Tests find outbreak strain at Wright County Egg farms, in feed

Aug 26, 2010 (CIDRAP News) – Federal officials today announced that samples from two chicken farms, chicken feed, and feed components at Wright County Egg, one of the two Iowa companies implicated in a nationwide Salmonella outbreak, match the outbreak strain found in sick patients.

At a media briefing today Sherri McGarry, emergency coordinator for the Food and Drug Administration's (FDA's) Center for Food Safety and Applied Nutrition, said the feed sample that tested positive for the Salmonella Enteritidis (SE) outbreak strain also contained a bone meal component that tested positive for the contaminant. The feed was produced at a mill on a Wright County Egg farm and provided to the company's pullets and those of Hillandale Farms, the other company linked to the outbreak and egg recall.

She said the first positive tests suggest that the farms are the likely source of the outbreak, and though the feed appears to be a source, it may not be the only source of SE. McGarry said about 600 samples have been collected so far from about 24 different sources, such as manure, feed, and environmental surfaces. The first set of positive tests show that the DNA fingerprint on pulse-field gel electrophoresis testing matches the outbreak strain.

Investigators haven't linked the contaminated feed to any other farms besides the two at the center of the nationwide egg recall, she said, and are continuing their investigation of the feed and how it became contaminated.

Dr Jeff Farrar, associate commissioner of food protection in the FDA's Office of Foods, said, "We don't know how, when, or where the feed may have become contaminated. It raises additional questions at this point." He said FDA investigators are working hard to finalize the 483 report describing their findings, which he said might be posted on the FDA's Web site within the next few days.

Dr Dan McChesney, director of surveillance and compliance in the FDA's Center for Veterinary Medicine, told reporters that poultry feed production typically includes a heat treatment to kill pathogens and that investigators are probably looking into possible recontamination after that processing step.

The other positive samples were taken from manure and surface areas at two of the farms, federal officials said.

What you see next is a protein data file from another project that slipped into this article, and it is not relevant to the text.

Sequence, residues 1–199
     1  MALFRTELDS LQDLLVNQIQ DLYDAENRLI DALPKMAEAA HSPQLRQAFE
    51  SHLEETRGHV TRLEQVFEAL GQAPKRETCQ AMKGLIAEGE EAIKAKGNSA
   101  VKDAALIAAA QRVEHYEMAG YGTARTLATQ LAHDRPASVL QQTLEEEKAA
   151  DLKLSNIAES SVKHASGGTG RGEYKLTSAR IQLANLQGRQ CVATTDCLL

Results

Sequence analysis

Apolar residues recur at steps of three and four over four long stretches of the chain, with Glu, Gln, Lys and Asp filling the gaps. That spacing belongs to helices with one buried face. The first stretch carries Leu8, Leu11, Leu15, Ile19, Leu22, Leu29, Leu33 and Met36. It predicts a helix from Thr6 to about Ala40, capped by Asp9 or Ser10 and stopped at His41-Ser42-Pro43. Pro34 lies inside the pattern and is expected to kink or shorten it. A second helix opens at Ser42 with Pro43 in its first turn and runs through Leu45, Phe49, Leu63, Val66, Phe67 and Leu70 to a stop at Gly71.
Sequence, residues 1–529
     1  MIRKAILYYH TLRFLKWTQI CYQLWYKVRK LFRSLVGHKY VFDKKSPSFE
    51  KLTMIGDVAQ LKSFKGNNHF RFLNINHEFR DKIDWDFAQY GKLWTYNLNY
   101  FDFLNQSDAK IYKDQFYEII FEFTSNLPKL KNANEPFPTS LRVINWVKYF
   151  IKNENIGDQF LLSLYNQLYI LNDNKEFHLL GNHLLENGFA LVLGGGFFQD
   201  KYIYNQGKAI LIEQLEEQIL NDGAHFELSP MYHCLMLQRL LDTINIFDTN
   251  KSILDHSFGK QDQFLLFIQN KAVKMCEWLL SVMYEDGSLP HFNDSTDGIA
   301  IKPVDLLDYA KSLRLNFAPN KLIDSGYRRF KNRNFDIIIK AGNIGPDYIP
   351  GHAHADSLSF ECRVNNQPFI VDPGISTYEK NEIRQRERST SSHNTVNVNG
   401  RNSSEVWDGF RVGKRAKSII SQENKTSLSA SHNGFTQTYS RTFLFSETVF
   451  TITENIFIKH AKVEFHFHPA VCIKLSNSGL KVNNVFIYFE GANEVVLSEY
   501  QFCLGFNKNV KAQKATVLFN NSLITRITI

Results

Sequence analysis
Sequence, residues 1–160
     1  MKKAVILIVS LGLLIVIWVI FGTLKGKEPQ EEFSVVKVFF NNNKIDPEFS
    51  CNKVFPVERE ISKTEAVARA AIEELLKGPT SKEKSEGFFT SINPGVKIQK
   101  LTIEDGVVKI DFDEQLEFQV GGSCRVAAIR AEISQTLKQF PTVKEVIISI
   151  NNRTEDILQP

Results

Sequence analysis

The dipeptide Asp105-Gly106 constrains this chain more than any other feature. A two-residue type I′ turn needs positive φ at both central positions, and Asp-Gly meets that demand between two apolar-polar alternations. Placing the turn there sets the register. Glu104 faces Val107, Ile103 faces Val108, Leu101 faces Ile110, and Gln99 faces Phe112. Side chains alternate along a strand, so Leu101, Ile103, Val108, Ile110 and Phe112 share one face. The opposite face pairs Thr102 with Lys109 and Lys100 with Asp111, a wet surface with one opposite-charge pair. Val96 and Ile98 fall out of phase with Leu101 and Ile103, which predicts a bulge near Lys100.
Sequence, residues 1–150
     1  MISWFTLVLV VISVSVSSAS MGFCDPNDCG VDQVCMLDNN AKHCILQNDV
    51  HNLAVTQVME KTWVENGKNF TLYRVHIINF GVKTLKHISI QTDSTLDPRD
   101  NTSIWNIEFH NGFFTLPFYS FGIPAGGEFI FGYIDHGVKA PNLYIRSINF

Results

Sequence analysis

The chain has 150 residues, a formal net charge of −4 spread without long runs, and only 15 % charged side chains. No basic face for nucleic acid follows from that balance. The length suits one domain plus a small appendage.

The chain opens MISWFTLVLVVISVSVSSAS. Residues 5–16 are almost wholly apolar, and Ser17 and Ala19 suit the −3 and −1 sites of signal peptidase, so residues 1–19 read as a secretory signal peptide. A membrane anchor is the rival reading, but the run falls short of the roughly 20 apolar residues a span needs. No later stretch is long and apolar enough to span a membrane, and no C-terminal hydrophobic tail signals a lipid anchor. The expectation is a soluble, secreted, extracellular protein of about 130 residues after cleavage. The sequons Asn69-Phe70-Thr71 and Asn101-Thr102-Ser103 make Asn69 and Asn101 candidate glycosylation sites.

Christopher Braden, MD, acting director of the US Centers for Disease Control and Prevention's (CDC's) division of foodborne, waterborne, and environmental diseases at the National Center for Emerging and Zoonotic Infectious Diseases, told reporters that from May 1 through Aug 25 the CDC has received reports of 2,403 SE illnesses during a time when it would expect to receive about 933 background cases. The increased number of SE reports means that 217 more cases may be linked to the outbreak, up from 1,953 and a background number of 700 cases reported on Aug 23.

He said the CDC hasn't received any more reports of new illnesses clusters beyond the 26 it already knows about, but he said the agency expects to receive more illness reports, given normal delays between when a patient gets sick and his or her illness is confirmed and reported to state and federal officials.

Fortunately, no clusters have been reported in nursing homes, Braden said, noting older people are especially vulnerable to SE infections and that that past SE outbreaks have involved the facilities.

Farrar said federal officials are working as fast as they can to ensure that eggs from two companies are recalled and removed from store shelves, though there is always room for improvement. He said the proposed Food Safety Modernization legislation, currently stalled in the Senate, could have sped the process by improving the traceability system, access to company records, and the government's recall authority.

He said the FDA is still working to identify all eggs that may be contaminated and determine the scope of the recalls. He said he wouldn't be surprised to see more secondary egg recalls linked to distributors who received eggs from the two companies.

Yesterday Trafficanda Egg Ranch, based in Van Nuys, Calif., recalled certain Julian dates of shell eggs that it received from Wright County Egg. The eggs were distributed in grocery stores and foodservice companies in California. The recall applies to egg packaged in 12-egg cartons, 20-egg overwraps, and 5-dozen overwraps and produced from May 16 through Aug 17.

In other developments, Rep Bart Stupak (D-Mich.) has sent a letter to federal food safety officials asking if consumers will be notified when eggs from the two companies that are being pasteurized and sold as liquid eggs and other food components will be included in other food products.

Dr Joshua Sharfstein, MD, principal deputy commissioner at the FDA, said the agency is still assessing Stupak's letter and will reply. The pasteurization process is known to kill Salmonella, but Stupak says consumers should be informed when recalled eggs that go through the process are included in other food products.

A committee that Stupak co-chairs, the US House Committee on Energy and Commerce, has sent letters to Wright County Egg and Hillandale Farms requesting information from the companies, including when they first notified federal officials about the contamination.

See also:

Aug 26 CDC Salmonella outbreak update

Aug 25 Trafficanda egg recall notice

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